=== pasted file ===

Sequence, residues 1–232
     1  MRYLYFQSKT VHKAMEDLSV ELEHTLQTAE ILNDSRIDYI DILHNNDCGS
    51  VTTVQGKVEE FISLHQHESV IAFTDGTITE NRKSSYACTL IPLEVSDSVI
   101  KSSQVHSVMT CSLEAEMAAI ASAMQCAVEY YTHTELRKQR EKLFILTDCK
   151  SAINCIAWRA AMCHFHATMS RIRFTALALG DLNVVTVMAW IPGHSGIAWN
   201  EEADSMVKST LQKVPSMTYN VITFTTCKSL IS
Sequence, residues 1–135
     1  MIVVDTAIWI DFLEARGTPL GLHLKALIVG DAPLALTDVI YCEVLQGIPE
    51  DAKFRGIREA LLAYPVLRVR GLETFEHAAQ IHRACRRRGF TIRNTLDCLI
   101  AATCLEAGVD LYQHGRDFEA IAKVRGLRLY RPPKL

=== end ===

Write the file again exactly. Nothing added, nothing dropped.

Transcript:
Sequence, residues 1–232
     1  MRYLYFQSKT VHKAMEDLSV ELEHTLQTAE ILNDSRIDYI DILHNNDCGS
    51  VTTVQGKVEE FISLHQHESV IAFTDGTITE NRKSSYACTL IPLEVSDSVI
   101  KSSQVHSVMT CSLEAEMAAI ASAMQCAVEY YTHTELRKQR EKLFILTDCK
   151  SAINCIAWRA AMCHFHATMS RIRFTALALG DLNVVTVMAW IPGHSGIAWN
   201  EEADSMVKST LQKVPSMTYN VITFTTCKSL IS
Sequence, residues 1–135
     1  MIVVDTAIWI DFLEARGTPL GLHLKALIVG DAPLALTDVI YCEVLQGIPE
    51  DAKFRGIREA LLAYPVLRVR GLETFEHAAQ IHRACRRRGF TIRNTLDCLI
   101  AATCLEAGVD LYQHGRDFEA IAKVRGLRLY RPPKL